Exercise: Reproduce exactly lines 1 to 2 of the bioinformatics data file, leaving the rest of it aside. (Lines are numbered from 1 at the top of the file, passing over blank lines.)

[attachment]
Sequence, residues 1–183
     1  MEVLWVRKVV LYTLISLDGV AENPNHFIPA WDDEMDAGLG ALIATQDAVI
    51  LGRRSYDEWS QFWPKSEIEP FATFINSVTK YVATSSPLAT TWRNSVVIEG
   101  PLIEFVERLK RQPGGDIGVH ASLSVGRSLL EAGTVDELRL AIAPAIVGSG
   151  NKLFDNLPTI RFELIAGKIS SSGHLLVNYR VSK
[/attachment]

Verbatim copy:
Sequence, residues 1–183
     1  MEVLWVRKVV LYTLISLDGV AENPNHFIPA WDDEMDAGLG ALIATQDAVI